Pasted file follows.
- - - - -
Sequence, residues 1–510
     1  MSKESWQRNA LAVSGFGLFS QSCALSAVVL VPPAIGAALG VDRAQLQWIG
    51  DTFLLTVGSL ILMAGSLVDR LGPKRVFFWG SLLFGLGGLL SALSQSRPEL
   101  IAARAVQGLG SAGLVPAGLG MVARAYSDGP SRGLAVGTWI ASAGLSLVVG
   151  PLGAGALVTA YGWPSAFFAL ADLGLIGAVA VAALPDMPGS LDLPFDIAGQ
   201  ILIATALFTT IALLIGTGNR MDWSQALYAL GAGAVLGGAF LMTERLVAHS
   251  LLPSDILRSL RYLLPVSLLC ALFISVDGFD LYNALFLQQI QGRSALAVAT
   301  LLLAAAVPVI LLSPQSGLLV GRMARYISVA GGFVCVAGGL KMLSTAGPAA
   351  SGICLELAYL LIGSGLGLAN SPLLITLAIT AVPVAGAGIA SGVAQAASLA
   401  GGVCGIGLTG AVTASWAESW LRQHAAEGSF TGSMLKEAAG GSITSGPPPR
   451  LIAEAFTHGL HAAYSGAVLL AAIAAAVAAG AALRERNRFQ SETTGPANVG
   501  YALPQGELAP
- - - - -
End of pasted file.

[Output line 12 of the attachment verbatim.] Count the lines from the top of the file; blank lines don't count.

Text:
   501  YALPQGELAP